Wyart, V. & Tallon-Baudry, C. How ongoing fluctuations in human visual cortex predict perceptual awareness: baseline shift versus decision bias. J. Neurosci. 29, 8715–8725 (2009).
Clithero, J. A. & Rangel, A. Informatic parcellation of the network involved in the computation of subjective value. Soc. Cogn. Affect. Neurosci. 9, 1289–1302 (2014).
FitzGerald, T. H. B., Seymour, B. & Dolan, R. J. The role of human orbitofrontal cortex in value comparison for incommensurable objects. J. Neurosci. 29, 8388–8395 (2009).
Philiastides, M. G., Biele, G. & Heekeren, H. R. A mechanistic account of value computation in the human brain. Proc. Natl Acad. Sci. USA 107, 9430–9435 (2010).
Rushworth, M. F. S., Noonan, M. P., Boorman, E. D., Walton, M. E. & Behrens, T. E. Frontal cortex and reward-guided learning and decision-making. Neuron 70, 1054–1069 (2011).
Tom, S. M., Fox, C. R., Trepel, C. & Poldrack, R. A. The neural basis of loss aversion in decision-making under risk. Science 315, 515–518 (2007).
Kable, J. W. & Glimcher, P. W. The neural correlates of subjective value during intertemporal choice. Nat. Neurosci. 10, 1625–1633 (2007).
Rushworth, M. F., Mars, R. B. & Summerfield, C. General mechanisms for making decisions? Curr. Opin. Neurobiol. 19, 75–83 (2009).
Neubert, F.-X., Mars, R. B., Sallet, J. & Rushworth, M. F. S. Connectivity reveals relationship of brain areas for reward-guided learning and decision making in human and monkey frontal cortex. Proc. Natl Acad. Sci. USA 112, E2695–E2704 (2015).
Rodriguez, C. A., Turner, B. M., Van Zandt, T. & McClure, S. M. The neural basis of value accumulation in intertemporal choice. Eur. J. Neurosci. 42, 2179–2189 (2015).
Gluth, S., Rieskamp, J. & Büchel, C. Deciding when to decide: time-variant sequential sampling models explain the emergence of value-based decisions in the human brain. J. Neurosci. 32, 10686–10698 (2012).
De Martino, B., Fleming, S. M., Garrett, N. & Dolan, R. J. Confidence in value-based choice. Nat. Neurosci. 16, 105–110 (2012).
Muraskin, J. et al. Imaging decision-related neural cascades in the human brain. Preprint at bioRxiv http://doi.org/10.1101/050856 (2016).
Fouragnan, E., Queirazza, F., Retzler, C., Mullinger, K. & Philiastides, M. G. Spatiotemporal characterization of the neural correlates of outcome valence and surprise during reward learning in humans. Sci. Rep. (in the press).
Gluth, S., Hotaling, J. M. & Rieskamp, J. The attraction effect modulates reward prediction errors and intertemporal choices. J. Neurosci. 37, 371–382 (2016).
Turner, B. M., van Maanen, L. & Forstmann, B. U. Informing cognitive abstractions through neuroimaging: the neural drift diffusion model. Psychol. Rev. 122, 312–336 (2015).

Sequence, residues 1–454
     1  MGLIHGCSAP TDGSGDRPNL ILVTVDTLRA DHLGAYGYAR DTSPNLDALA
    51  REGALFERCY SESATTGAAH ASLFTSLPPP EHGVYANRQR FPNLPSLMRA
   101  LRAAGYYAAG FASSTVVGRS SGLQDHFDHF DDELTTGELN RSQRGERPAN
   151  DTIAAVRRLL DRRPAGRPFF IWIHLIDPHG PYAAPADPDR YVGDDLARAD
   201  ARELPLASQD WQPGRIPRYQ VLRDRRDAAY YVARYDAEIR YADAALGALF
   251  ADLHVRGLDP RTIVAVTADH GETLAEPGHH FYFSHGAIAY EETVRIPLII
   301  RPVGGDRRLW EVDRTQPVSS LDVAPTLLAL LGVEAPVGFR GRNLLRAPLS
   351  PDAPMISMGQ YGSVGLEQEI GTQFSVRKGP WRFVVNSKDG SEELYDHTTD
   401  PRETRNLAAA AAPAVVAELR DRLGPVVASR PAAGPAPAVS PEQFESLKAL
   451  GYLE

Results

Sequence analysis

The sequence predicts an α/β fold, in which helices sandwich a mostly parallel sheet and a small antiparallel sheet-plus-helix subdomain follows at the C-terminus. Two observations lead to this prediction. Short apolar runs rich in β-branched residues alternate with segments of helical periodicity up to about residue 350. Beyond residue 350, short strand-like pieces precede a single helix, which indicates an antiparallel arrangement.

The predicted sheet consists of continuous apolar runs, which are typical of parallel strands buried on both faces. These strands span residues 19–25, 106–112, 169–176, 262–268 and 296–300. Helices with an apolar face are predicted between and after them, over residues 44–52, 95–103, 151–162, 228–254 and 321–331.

van Maanen, L. et al. Neural correlates of trial-to-trial fluctuations in response caution. J. Neurosci. 31, 17488–17495 (2011).
Twomey, D. M., Kelly, S. P. & O’Connell, R. G. Abstract and effector-selective decision signals exhibit qualitatively distinct dynamics before delayed perceptual reports. J. Neurosci. 36, 7346–7352 (2016).
Gherman, S. & Philiastides, M. G. Neural representations of confidence emerge from the process of decision formation during perceptual choices. Neuroimage 106, 134–143 (2015).
Twomey, D. M., Murphy, P. R., Kelly, S. P. & O’Connell, R. G. The classic P300 encodes a build-to-threshold decision variable. Eur. J. Neurosci. 42, 1636–1643 (2015).
Linden, D. E. J. The p300: where in the brain is it produced and what does it tell us? Neuroscientist 11, 563–576 (2005).
Caviness, V. S., Meyer, J., Makris, N. & Kennedy, D. N. MRI-based topographic parcellation of human neocortex: an anatomically specified method with estimate of reliability. J. Cogn. Neurosci. 8, 566–587 (1996).
Vogt, B. A. in Neurobiology of Cingulate Cortex and Limbic Thalamus, 19–70 (Birkhäuser, 1993).
Vogt, B. A. Midcingulate cortex: structure, connections, homologies, functions and diseases. J. Chem. Neuroanat. 74, 28–46 (2016).
Vogt, B. A., Berger, G. R. & Derbyshire, S. W. G. Structural and functional dichotomy of human midcingulate cortex. Eur. J. Neurosci. 18, 3134–3144 (2003).
Penfield, W. & Welch, K. The supplementary motor area in the cerebralcortex of man. Trans. Am. Neurol. Assoc. 74, 179–184 (1949).
Kim, J.-H. et al. Defining functional SMA and pre-SMA subregions in human MFC using resting state fMRI: functional connectivity-based parcellation method. Neuroimage 49, 2375–2386 (2010).
Nachev, P., Kennard, C. & Husain, M. Functional role of the supplementary and pre-supplementary motor areas. Nat. Rev. Neurosci. 9, 856–869 (2008).
Picard, N. & Strick, P. L. Imaging the premotor areas. Curr. Opin. Neurobiol. 11, 663–672 (2001).